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Publication numberUS5160180 A
Publication typeGrant
Application numberUS 07/779,513
Publication dateNov 3, 1992
Filing dateOct 18, 1991
Priority dateOct 18, 1991
Fee statusPaid
Publication number07779513, 779513, US 5160180 A, US 5160180A, US-A-5160180, US5160180 A, US5160180A
InventorsMitch Mlynarczyk
Original AssigneeChicago Lock Company
Export CitationBiBTeX, EndNote, RefMan
External Links: USPTO, USPTO Assignment, Espacenet
Automatic quick open/close locking mechanism
US 5160180 A
Abstract
A automatic locking and unlocking device for effecting the locking engagement of a lock stud within a stud receiving fixture. The lock device of the present invention is adapted for locking a movable closure member relative to a stationary member, such as a vending machine door to a cabinet, and provides a quick open and quick close locking feature. The locking device includes a lock stud fitted with a t-handle at its outer end, and a nose portion inner end, the nose portion having a pair of opposed pin engagement ledges formed therein adjacent the nose portion, and provided with male threads positioned adjacent to and forwardly of the pin engagement ledges. The stationary member is provided with a stud receiving lock housing which contains a stationary cam sleeve, a rotatable cam sleeve which reciprocates relative to the stationary cam sleeve, and a coupling which is positioned anteriorly of the rotatable cam sleeve. The coupling includes a plurality of ball bearings which operate to grasp the stud in the locking position by engaging male threads of the stud during the locking procedure. The coupling further includes at least one spring loaded pin which operate to engage the pin engagement ledges of the stud such that upon a quarter turn of the stud, the rotatable cam sleeve will cam away from the stationary cam in order to present a relief area for the ball bearings to exit from the male threads and permit the withdrawal of the lock stud from the lock housing. Biasing means are provided for biasingly urging the rotatable cam sleeve relative to the stationary cam, and the coupling relative to the stationary cam such that the two parts may reciprocate relative to the stationary cam.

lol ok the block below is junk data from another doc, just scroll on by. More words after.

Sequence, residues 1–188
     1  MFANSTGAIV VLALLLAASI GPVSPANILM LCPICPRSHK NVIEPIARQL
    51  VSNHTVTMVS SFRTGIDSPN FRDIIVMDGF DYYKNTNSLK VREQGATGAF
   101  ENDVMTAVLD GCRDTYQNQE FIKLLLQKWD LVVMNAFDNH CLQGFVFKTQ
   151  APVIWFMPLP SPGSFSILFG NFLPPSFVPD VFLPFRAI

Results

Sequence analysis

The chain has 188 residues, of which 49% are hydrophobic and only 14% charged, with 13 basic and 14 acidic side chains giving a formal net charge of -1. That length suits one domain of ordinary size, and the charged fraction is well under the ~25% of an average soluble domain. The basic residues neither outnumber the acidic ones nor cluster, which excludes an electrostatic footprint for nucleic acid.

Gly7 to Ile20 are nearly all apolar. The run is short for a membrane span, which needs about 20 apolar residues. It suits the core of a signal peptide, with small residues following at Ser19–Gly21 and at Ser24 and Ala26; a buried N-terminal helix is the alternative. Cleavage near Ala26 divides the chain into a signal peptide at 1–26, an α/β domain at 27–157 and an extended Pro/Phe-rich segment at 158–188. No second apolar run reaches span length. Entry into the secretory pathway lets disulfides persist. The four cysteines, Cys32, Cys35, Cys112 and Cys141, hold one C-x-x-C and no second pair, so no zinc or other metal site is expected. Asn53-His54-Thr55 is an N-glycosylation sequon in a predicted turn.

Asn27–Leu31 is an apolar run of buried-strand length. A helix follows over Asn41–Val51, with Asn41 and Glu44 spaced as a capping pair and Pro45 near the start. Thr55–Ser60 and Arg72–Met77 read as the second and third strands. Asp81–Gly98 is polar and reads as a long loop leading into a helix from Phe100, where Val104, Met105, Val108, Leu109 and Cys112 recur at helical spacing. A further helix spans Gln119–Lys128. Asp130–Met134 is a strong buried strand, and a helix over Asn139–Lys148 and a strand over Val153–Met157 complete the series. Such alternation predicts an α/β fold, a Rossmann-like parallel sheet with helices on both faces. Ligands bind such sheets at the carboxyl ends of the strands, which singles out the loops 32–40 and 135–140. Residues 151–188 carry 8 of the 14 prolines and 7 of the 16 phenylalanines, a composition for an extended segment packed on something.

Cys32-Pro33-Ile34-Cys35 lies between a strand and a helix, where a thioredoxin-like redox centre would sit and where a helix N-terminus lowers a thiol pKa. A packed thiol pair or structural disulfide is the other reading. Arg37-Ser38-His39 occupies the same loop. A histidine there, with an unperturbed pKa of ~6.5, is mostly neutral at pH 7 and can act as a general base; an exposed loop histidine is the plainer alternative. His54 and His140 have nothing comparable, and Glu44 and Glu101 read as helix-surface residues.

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Claims(19)
I claim:
1. The locking device for automatically locking a movable closure member relative to a stationary member such as a vending machine door and cabinet respectively, comprising;
a lock mechanism of the type provided with a lock stud having a horizontal axis mounted on the movable closure member, said lock stud having an anterior end and a posterior end, and having a lock handle secured thereto at the anterior end, and the posterior end formed into a nose portion,
said lock stud provided with a series of male threads formed in said lock stud adjacent to and along the posterior end thereof and provided with disengagable lock engaging means formed in said lock stud posteriorly of said male threads and anteriorly of said nose portion,
stud receiving locking means mounted on the stationary member,
said stud receiving locking means formed by a housing which accommodates the insertion therethrough of said lock stud, said housing including a first rotatable tubular sleeve member having an anterior end and a posterior end and having a reduced diametric interior adjacent the anterior end and an expanded diametric interior adjacent the posterior end thereof,
said posterior end having at least one cammed surface formed along the posterior surface thereof,
a tubular coupling member having an anterior end and a posterior end and seated within said first rotatable tubular sleeve member, said coupling member having a reduced diametric throat portion adjacent the anterior end thereof and a larger diametric throat portion adjacent the posterior end thereof,
said reduced diametric throat portion having at least one aperture formed therein and said larger diametric throat portion provided with disengagable lock means carried thereon,
at least one radially curved grasping element seated within the confines of said aperture in said reduced diametric throat portion of said coupling,
said coupling member seated within said first rotatable tubular sleeve member such that said reduced diametric throat portion thereof is positioned in radial alignment with said reduced diametric anterior end of said first rotatable tubular sleeve member, and said larger diametric throat portion is in radial alignment with said expanded diametric throat portion of said first rotatable tubular sleeve member when said respective members are in the rest position,